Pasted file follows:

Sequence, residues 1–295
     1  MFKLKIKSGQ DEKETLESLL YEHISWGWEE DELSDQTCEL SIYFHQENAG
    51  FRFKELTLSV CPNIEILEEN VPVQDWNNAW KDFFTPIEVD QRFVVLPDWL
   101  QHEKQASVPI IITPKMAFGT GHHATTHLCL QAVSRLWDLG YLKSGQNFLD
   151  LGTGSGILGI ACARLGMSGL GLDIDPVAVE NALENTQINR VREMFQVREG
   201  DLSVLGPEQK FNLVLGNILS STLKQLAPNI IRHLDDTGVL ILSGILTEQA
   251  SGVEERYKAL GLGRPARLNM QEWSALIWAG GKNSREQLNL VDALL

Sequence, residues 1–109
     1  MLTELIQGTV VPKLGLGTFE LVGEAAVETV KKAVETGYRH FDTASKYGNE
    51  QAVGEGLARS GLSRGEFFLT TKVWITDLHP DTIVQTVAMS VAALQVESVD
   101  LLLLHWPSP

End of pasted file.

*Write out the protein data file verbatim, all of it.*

Sequence, residues 1–295
     1  MFKLKIKSGQ DEKETLESLL YEHISWGWEE DELSDQTCEL SIYFHQENAG
    51  FRFKELTLSV CPNIEILEEN VPVQDWNNAW KDFFTPIEVD QRFVVLPDWL
   101  QHEKQASVPI IITPKMAFGT GHHATTHLCL QAVSRLWDLG YLKSGQNFLD
   151  LGTGSGILGI ACARLGMSGL GLDIDPVAVE NALENTQINR VREMFQVREG
   201  DLSVLGPEQK FNLVLGNILS STLKQLAPNI IRHLDDTGVL ILSGILTEQA
   251  SGVEERYKAL GLGRPARLNM QEWSALIWAG GKNSREQLNL VDALL

Sequence, residues 1–109
     1  MLTELIQGTV VPKLGLGTFE LVGEAAVETV KKAVETGYRH FDTASKYGNE
    51  QAVGEGLARS GLSRGEFFLT TKVWITDLHP DTIVQTVAMS VAALQVESVD
   101  LLLLHWPSP